15 January 1999

TRAILER IS MUCH MORE THAN JUST METAL BOX

Over the past five years, a

Lincs trailer company has

carved itself a niche in the

bespoke manufacturing

sector of the market. Its

future plans include

breaking new ground in transport techniques.

Ian Marshall reports

MACHINERY manufacturers, understandably, tend to have an unbounded enthusiasm for their creations, if only in the pious hope such enthusiasm will rub off onto prospective customers.

And on this score, Richard Larrington, of Boston-based Richard Larrington Trailers, must have a pretty wide customer base.

"To me a trailer isnt just a rectangular metal box on a set of wheels. It is something we have conceived, designed and built to fulfil a specific purpose," he explains.

It is a level of involvement and commitment to the product which forms the cornerstone of his companys business.

In January 1994 Mr Larrington started with two men and orders for two trailers, built in a rented 4500sq ft corner of a 20,000sq ft unit at Witham Works, Boardsides, Boston.

By the end of the year turnover stood at £330,000.

Trailer team

Today a team of 12 employees fabricate, build and market 80 CAD-designed trailers a year in four ranges from eight to 17t capacity, in addition to field straw spreaders, low loaders, muck spreaders and sugar beet cleaner loaders. They also make the companys low ground pressure trailer track system which made its debut appearance at last years Smithfield Show (Mach-inery 4 Dec).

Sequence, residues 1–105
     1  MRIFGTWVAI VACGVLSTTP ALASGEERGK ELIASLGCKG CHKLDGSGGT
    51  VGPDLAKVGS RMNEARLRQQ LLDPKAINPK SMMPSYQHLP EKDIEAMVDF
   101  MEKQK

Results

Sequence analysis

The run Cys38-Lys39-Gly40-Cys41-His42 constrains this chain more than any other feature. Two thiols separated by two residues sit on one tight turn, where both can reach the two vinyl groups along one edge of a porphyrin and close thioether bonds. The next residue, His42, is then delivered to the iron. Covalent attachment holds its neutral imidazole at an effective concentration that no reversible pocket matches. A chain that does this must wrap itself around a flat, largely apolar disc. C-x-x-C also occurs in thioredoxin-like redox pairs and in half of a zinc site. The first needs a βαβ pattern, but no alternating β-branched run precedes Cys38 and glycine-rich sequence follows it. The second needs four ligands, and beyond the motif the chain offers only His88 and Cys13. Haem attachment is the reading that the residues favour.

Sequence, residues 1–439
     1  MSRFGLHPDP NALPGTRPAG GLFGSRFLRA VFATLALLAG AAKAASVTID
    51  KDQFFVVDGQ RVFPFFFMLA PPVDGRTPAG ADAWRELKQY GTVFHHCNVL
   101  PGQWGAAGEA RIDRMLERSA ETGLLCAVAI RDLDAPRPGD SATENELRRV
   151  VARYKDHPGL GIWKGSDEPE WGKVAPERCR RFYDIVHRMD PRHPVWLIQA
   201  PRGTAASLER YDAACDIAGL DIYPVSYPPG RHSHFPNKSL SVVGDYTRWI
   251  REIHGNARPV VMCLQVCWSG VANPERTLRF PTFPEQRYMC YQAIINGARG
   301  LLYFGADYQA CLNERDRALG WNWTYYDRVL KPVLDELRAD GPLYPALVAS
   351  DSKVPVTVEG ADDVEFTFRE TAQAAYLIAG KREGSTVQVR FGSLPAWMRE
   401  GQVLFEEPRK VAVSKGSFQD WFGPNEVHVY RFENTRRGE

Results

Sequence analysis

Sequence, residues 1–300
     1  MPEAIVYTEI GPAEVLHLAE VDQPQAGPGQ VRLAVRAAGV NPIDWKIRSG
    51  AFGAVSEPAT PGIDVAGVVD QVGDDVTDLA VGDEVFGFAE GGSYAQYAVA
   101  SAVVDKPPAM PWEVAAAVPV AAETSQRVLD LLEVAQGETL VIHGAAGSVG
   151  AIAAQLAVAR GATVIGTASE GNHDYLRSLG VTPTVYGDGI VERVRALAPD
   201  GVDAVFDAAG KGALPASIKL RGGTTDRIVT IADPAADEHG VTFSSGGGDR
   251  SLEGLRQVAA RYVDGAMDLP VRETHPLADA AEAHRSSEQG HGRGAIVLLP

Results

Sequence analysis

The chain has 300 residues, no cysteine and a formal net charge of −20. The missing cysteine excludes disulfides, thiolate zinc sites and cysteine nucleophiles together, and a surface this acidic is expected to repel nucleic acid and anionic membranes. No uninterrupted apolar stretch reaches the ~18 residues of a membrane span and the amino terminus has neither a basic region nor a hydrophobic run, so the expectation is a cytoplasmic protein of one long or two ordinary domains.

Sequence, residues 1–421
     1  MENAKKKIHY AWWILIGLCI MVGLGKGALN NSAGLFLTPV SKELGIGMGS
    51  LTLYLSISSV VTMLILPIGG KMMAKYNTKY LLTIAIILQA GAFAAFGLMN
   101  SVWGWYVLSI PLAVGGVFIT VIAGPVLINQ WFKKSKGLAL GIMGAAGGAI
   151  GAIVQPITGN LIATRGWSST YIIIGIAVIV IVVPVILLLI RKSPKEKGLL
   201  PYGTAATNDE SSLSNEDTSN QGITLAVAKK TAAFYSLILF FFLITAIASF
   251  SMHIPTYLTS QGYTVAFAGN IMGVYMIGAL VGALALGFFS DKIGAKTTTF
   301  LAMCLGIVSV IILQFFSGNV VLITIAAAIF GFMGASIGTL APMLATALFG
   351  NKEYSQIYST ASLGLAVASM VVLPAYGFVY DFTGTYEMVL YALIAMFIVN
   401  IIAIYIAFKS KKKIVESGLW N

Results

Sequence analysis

The whole of the original 2ha (5 acre) site with its two units is now owned by Mr Larrington – and turnover is now reported to be £960,000.

Growth has come from the flexibility to design and construct one-off trailers to suit customers specific needs. It is also the foundation on which Mr Larrington bases the future success of the business.

"Having our own machine shop and fabrication equipment gives us total control of engineering," he says. Virtual autonomy also gives Mr Larrington the freedom to practice his philosophy of logical engineering.

"Effectively, the common sense, simplistic attitude is the best approach," he says. "Look at the single lift ram and its position on our 17t Majestic model, for example. A tandem axle, general purpose transporter which can double as a specialist beet trailer, the ram is anchored at the strongest point on the trailer between the axles and extends vertically.

"This gives a tipping angle of 60deg to a height of 2.7m (9ft), and enables beet to be heaped in a stack, which is then levelled with the hydraulic door."

Although trailers will remain the bread and butter of the company, Mr Larrington sees its future expansion coming from the development of his low pressure track system – a bogey designed to fit onto the hubs of a tandem axle trailer and exerts five times less ground pressure than a set of 600/55 x 22.5 tyres.

Although the concept is very much in its infancy on the UK agricultural scene, Mr Larrington believes the system could offer root crop growers a useful option – particularly in wet years when ground conditions are difficult.

He also sees the versatility of the system lending itself to many applications outside farming – carrying timber and stone across difficult terrain, or working in the peat bogs of Ireland, for example.

"Its a new technique with no brick walls to confine its development – there is even the potential to build a power unit around the tracks," he maintains.

Its that old enthusiasm surfacing once more. &#42